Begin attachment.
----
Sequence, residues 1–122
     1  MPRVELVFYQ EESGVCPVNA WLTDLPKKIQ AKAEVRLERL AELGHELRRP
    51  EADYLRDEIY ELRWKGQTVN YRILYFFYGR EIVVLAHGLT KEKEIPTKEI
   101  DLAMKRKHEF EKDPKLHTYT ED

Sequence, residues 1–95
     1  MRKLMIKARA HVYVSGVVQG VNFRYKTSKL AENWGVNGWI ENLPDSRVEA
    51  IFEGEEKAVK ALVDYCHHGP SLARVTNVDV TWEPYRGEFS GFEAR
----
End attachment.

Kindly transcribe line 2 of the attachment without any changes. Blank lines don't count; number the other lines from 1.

     1  MPRVELVFYQ EESGVCPVNA WLTDLPKKIQ AKAEVRLERL AELGHELRRP